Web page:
Labor Day used to mean the start of the school year. However, down here in the South, school started three weeks ago. As an adult empty-nester writer, the Labor Day now means something else entirely. Labor Day begins "Book Festival Season."
Until I became a published writer myself, book festivals were something that were just not on my radar screen. I don't know if they didn't exist, or if I just didn't know about them, but in 1999 I attended
the Southern Festival of Books in Nashville. I was hooked. Who knew you could spend a whole weekend listening to writers talk, going to book signings, and hanging out with other people who love books as much as you do? With the publication of Yankee Girl and My Best Friend, I was invited to appear at Southern Festival two years in a row. I thought I'd died and gone to Book Heaven.
Since then I've been a guest at any number of book festivals, large and small (who knew there were so many of them??). My local favorite, the Decatur Book Festival, is this weekend, just twenty five miles down the road. Alas, I won't be there. I will be at a festival of another kind...my 40th high school reunion. It was a tough call, deciding between the two events. True, I will never have another 40th high school reunion...but when am I going to see Meg Cabot, Kevin Henkes (my personal role model), David Levithan, Shannon Hale, Barry Lyga, Chris Raschka, Neil Schusterman all in one weekend? ...and those are just some of the children's and YA authors appearing. There are over 300 authors presenting over three days, both adult and juvenile authors. The best part? It's all FREE!!! Your biggest problem will be finding a parking place and trying to choose which authors you want to see. Oh well. There will be another one next year.
Another "don't-miss" event is the Southern Festival of Books, held the second weekend of October in Nashville. Even bigger than the Decatur Book Festival, this year SFB's children's headliners include
Katherine Paterson, Judith Viorst, and Ed Young.
Not to slight other areas of the country, the Brooklyn Book Festival, Sunday Sept 23, is a the literary Lollapalooza with countless writers all appearing on one day. Their children's and YA line up includes
Libba Bray, Marc Brown, Joseph Bruchac, Gordon Korman, E.B. Lewis, Carolyn Mackler, Wendy Mass, Jon Szieska, Lisa Yee and Paul O. Zelinsky. (Note: There are a number of "bookend" events in conjunction with the festival, that do charge admission and require advance ticket sales.)
That same weekend, the mother-of-all book festivals, the National Book Festival, will be in full swing on the (where else?) National Mall. This is the premier book festival (in my opinion) to meet and hear children's authors. Do any of these names ring a bell? Avi. Mary Pope Osborne. Patricia Polacco. Jerry Spinelli. John Green. Ellen Hopkins. Lois Lowry. Walter Dean Myers. Jacqueline Woodson. I thought so.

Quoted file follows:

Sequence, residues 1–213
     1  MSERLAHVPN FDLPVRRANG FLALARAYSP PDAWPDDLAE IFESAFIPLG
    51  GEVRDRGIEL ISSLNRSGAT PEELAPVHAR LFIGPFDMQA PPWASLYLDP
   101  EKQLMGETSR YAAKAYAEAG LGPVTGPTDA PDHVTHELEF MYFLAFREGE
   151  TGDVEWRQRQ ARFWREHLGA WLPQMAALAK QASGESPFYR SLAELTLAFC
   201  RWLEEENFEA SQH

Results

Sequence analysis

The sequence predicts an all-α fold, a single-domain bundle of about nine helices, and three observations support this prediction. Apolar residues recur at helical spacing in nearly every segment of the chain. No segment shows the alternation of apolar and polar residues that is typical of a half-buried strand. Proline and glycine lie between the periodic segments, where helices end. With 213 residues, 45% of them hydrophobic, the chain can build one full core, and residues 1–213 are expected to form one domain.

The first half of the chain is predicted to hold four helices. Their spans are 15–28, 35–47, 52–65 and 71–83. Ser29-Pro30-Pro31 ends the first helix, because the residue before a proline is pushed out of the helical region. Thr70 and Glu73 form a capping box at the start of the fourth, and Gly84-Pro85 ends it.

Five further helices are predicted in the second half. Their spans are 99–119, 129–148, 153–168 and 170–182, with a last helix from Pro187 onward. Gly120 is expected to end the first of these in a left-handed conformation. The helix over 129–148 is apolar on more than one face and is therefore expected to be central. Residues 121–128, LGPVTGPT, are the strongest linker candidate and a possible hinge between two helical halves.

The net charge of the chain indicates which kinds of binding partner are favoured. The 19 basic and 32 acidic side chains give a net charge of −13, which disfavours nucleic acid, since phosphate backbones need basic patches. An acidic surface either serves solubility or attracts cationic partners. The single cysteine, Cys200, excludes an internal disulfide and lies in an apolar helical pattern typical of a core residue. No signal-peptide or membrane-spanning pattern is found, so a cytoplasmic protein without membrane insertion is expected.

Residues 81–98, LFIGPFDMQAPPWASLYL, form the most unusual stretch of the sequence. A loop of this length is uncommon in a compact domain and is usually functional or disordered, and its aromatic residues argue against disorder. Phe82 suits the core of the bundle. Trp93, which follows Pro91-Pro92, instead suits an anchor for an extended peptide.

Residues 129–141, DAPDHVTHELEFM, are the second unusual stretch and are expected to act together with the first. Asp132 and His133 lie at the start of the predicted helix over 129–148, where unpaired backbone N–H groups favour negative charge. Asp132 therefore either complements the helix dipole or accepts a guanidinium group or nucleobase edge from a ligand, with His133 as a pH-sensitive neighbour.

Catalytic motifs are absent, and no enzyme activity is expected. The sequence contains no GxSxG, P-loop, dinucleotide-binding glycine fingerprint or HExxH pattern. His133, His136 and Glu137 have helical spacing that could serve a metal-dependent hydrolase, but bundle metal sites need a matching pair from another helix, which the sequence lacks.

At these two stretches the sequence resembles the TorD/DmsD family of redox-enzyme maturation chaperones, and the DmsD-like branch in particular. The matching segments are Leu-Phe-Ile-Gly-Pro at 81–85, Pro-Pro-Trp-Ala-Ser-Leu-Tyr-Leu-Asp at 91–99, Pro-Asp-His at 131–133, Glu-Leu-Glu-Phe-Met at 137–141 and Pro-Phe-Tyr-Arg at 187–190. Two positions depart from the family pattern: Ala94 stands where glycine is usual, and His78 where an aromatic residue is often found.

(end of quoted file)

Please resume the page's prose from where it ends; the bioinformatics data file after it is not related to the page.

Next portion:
The Austin Teen Book Festival is one that I would love to attend as a teen (well, that boat has sailed!). This event connects teens with YA authors. Who's going to be there, besides a couple of thousand book-loving Texan teens? Elizabeth Scott, Marissa Mayer, Libba Bray, Neil Schusterman, Rachel Cohn, Guadalupe Garcia McCall...thirty-six in all.
Wisconsin's Book Festival in Madison, November 7-11 is still lining up their venues. Right now, their children's/YA roster includes George Ella Lyon, Patricia McCormack, Pat Schmatz, and Rita Garcia-Williams.
Book festivals are free, family-friendly events, with something for everyone. There are puppet shows, slam poetry readings, open mike readings, face-painting...and books. Lots and lots of books for sale and signing. Although I have mentioned only children's writers in this post, with the exception of the Austin Teen Festival, all of the others offer a variety of adult writers--every thing from poets and historians, to true crime and cookbook authors.
These are just a handful of the many, many book festivals slated for this fall. Check your local bookstore or university to find one near you.
Did I mention they were free? (except for a few events for marquee adult authors, parking...and whatever you consume in the way of kettle corn and funnel cakes.)
Go find a book festival this weekend.
Posted by Mary Ann Rodman
P.S. Book festivals make great cheap field trips.